"Thou shalt not lie with mankind, as with womankind: it is abomination." (Leviticus 18:22)
The topic of homosexuality (and transgenderism) is becoming more contentious in the world and particularly in the Body of Christ.
No doubt, this is an issue, because of the many sins against which God warns His people Israel, and which God calls us to abandon in our new life in Christ, there is no sin which receives such opposing praise and celebration in the world than homosexuality.
This discussion came up in the latest episode of "Ask Me Anything" from the TrueLove.Is ministry based in Singapore. (Click here)
For today, I am not going to look specifically at the sinful act, but the word "abomination", and the revelation which we can receive about our Lord Jesus Christ, and everything that He has accomplished for us at the Cross.
In the original Hebrew, "abomination" is "toevah":
The first mention of abomination in the Old Testament has nothing to do with sexual sins, but rather how the fallen world, the Gentile world, viewed abominations in contrast with the Isrsaelites. The scene from the verse below arises from Joseph (at the time, disguised as the viceroy of Egypt) dining with his brothers:
"And they set on for him by himself, and for them by themselves, and for the Egyptians, which did eat with him, by themselves: because the Egyptians might not eat bread with the Hebrews; for that is an abomination unto the Egyptians." (Genesis 43:32)
The Egyptians refused to eat with the Israelites. Egypt and Egyptians are types of the world, types of the fallen world specifically. In Hebrew, Egypt is called "Mizraim", which means "double straitness" or anguish. Egypt also speaks of a man-centered, flesh-centered life, as opposed to the life of grace which God called His people to receive in the Promised Land of Canaan.
I sought greater revelation from the Lord about this passage. Why did the Egyptians find the Israelites to be an abomination, such that they did not want to dine with them?
The next mention of "abomination" in the Old Testament may give us a clue:
"That ye shall say, Thy servants' trade hath been about cattle from our youth even until now, both we, and also our fathers: that ye may dwell in the land of Goshen; for every shepherd is an abomination unto the Egyptians." (Genesis 46:34)
So, the Israelites are an abomination to the Egyptians because they are shepherds. Still, it's not clear to me. The third mention of abomination in the Old Testament will shed still further light on the matter:
"25And Pharaoh called for Moses and for Aaron, and said, Go ye, sacrifice to your God in the land. 26And Moses said, It is not meet so to do; for we shall sacrifice the abomination of the Egyptians to the LORD our God: lo, shall we sacrifice the abomination of the Egyptians before their eyes, and will they not stone us?" (Exodus 8:25-26)
The Israelites are an abomination because they are shepherds and because of the sacrifices they are going to sacrifice. What's the full explanation here?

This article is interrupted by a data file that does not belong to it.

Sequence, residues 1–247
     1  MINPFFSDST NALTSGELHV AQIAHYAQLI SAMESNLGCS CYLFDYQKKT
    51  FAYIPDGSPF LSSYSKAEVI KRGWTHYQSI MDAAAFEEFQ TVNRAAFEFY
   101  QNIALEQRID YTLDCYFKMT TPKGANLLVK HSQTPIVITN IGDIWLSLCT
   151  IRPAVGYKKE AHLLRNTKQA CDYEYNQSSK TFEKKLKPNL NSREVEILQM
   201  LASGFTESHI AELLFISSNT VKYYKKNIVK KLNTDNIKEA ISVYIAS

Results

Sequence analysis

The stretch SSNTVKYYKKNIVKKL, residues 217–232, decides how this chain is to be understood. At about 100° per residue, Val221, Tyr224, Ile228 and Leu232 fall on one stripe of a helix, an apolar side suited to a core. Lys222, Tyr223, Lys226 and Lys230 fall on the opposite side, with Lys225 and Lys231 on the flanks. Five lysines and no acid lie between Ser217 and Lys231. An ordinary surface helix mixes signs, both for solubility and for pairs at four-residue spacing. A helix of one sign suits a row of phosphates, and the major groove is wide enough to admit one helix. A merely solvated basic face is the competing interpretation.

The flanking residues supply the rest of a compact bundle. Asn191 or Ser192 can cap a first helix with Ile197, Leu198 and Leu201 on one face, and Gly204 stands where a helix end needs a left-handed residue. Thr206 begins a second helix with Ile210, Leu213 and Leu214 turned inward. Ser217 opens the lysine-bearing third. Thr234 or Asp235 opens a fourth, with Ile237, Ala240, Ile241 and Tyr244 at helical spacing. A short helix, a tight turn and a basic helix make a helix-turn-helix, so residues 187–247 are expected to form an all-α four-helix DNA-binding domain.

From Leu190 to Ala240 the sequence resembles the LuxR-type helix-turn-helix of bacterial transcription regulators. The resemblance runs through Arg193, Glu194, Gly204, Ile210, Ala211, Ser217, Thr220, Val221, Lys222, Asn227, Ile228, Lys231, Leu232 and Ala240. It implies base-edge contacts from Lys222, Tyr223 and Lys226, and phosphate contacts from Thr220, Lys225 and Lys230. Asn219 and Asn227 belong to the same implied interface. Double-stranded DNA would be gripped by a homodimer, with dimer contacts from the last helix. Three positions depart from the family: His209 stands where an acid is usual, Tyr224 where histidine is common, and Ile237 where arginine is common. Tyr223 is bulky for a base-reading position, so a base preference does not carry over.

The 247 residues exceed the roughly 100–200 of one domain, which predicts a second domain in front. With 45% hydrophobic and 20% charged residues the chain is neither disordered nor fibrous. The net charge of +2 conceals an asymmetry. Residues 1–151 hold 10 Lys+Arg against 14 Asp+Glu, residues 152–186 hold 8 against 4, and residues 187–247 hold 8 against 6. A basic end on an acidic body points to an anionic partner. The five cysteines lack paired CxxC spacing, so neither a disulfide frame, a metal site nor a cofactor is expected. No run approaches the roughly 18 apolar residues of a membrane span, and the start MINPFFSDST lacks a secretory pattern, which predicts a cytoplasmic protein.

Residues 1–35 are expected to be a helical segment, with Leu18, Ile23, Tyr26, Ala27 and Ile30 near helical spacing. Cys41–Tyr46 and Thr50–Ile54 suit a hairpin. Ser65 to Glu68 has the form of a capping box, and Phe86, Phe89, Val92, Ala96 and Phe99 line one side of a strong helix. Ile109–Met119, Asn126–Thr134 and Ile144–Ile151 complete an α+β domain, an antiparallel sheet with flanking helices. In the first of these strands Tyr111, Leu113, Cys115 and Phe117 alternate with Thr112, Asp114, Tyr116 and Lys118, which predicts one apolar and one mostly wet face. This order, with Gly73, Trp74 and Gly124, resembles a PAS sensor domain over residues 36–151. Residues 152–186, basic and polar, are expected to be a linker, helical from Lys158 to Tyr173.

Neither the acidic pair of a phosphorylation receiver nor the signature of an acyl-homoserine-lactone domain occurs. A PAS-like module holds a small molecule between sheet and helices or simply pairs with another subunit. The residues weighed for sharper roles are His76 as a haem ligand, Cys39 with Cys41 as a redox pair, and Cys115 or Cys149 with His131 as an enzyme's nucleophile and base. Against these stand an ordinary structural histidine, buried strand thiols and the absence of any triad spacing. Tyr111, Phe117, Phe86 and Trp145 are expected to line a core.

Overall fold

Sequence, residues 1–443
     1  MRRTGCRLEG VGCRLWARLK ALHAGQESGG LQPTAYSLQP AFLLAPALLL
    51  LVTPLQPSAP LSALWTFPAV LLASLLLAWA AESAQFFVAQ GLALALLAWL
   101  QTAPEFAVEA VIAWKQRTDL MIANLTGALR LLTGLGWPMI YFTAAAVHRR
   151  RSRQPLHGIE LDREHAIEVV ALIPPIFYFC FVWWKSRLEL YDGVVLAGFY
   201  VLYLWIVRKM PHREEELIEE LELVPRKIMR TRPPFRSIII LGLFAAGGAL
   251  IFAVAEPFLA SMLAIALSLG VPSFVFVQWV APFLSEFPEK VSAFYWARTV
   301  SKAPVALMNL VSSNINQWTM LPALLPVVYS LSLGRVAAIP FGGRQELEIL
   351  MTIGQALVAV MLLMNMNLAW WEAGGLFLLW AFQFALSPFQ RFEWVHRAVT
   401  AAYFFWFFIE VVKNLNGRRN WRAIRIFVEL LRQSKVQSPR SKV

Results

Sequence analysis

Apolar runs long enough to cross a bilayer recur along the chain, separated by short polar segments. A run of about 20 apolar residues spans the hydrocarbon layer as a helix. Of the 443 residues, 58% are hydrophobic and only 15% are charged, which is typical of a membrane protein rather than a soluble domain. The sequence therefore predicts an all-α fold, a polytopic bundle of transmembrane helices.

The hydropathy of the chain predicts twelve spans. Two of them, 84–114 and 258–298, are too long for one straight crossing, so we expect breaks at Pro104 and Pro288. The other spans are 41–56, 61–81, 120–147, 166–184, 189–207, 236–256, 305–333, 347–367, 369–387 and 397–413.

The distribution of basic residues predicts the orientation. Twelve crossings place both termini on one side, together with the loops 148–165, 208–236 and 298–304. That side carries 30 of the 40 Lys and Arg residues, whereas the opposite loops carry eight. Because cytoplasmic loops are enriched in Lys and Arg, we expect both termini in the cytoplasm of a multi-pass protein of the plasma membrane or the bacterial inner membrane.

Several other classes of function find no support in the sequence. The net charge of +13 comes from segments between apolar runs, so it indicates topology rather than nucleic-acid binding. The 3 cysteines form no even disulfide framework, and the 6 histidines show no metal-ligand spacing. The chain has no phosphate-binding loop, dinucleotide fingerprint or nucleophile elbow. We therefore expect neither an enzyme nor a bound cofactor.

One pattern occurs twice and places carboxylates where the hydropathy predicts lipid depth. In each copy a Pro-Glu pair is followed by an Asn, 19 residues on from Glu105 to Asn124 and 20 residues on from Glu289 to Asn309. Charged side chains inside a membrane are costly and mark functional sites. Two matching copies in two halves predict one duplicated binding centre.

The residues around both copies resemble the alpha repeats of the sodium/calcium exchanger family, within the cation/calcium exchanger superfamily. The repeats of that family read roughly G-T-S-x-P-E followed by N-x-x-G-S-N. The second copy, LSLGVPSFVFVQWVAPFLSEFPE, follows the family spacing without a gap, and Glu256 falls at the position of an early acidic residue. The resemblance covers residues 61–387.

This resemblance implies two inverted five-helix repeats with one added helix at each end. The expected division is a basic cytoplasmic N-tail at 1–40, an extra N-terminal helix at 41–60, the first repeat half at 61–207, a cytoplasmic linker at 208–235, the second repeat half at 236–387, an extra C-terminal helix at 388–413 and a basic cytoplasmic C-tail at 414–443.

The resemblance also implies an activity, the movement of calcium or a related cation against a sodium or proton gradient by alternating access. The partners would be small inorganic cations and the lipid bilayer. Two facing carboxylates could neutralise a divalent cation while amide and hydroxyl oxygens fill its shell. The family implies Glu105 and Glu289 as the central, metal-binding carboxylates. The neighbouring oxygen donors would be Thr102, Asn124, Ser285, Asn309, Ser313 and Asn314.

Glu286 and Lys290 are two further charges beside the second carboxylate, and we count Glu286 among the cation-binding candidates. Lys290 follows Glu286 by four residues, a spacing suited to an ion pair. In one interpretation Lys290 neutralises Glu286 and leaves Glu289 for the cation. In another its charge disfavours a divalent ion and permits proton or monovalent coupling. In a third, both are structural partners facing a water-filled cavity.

The Egyptians worshipped sheep. One of their gods, Khnum, was a sheep!
What's the deeper revelation we can draw out of this, and what can God show us about the term "abomination" and its deepest meaning to God? What does He find essentially to be an abomination to Him?
The Egyptians worshipped sheep. One of their gods was a sheep. But wait a second ... we worship " a sheep", right: the Lamb of God, Jesus, do we not?
"The next day John seeth Jesus coming unto him, and saith, Behold the Lamb of God, which taketh away the sin of the world." (John 1:29)
"Saying with a loud voice, Worthy is the Lamb that was slain to receive power, and riches, and wisdom, and strength, and honour, and glory, and blessing." (Revelation 5:12)
In a much broader, holier sense, we worship a "Lamb", too. But there is a telling difference between Egyptians' worship and our worship today.
The Egyptians worshipped a lamb, and they had to serve him.
We worship the Lamb of God, because He first served us, He first loved us (1 John 4:19). In fact, He deliberately came down to our level and died on the Cross for all our sins! Such a notion, that God would become man and die for us, is indeed an abomination to the world, and the world despises us for believing in Jesus:
"Being defamed, we intreat: we are made as the filth of the world, and are the offscouring of all things unto this day." (1 Corinthians 4:13)
The Egyptians performed rituals for their god. Our God, the Lord Jesus Christ, performed great miracles and completed a perfect work for us at the Cross!
So, "abomination" in the Old Testament can give us a window into learning more about Jesus.
Consider the word toevah in the original Hebrew:
It has five letters, the number of grace. It starts with the letter Tav, which represents the Cross. It ends with Heh, which represents grace.
Jesus became an abomination, became SIN for us, that we might be made the righteousness of God in Him (2 Corinthians 5:21). He took on all the wrath of God for our sins (Romans 3:24-26). He took all the penalties for our sins, and by His stripes, we are healed (Isaiah 53:5)
If we are honest, we were all abominable, full of pride (Proverbs 16:5), making self-serving sacrifices just to please ourselves (Proverbs 15:8), engaging in corrupt dealings (Proverbs 11:1), or living in anger (Proverbs 3:32)
But Jesus became sin, because the greatest abomination, that we might be made not just righteous, but attaining, becoming the righteousness of God in Him! We are no longer rejected, by accepted, highly favored in our Beloved Savior (Ephesians 1:3-6).
In fact, even in the Old Testament, we have a picture of God's grace already at work. Notice that God does not say that the individuals who engage in same-sex behaviors are an abomination. He calls the behaviors themselves an abomination.
Today, if you believe in Jesus, you are no longer an abomination, but a cherished child of God, one with Christ Jesus.